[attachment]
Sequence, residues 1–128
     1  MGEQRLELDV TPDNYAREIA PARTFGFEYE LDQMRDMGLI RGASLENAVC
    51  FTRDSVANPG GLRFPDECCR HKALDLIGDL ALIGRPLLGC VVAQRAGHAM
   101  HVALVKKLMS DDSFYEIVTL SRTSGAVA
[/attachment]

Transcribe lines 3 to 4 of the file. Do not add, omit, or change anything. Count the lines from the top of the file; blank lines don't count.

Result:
    51  FTRDSVANPG GLRFPDECCR HKALDLIGDL ALIGRPLLGC VVAQRAGHAM
   101  HVALVKKLMS DDSFYEIVTL SRTSGAVA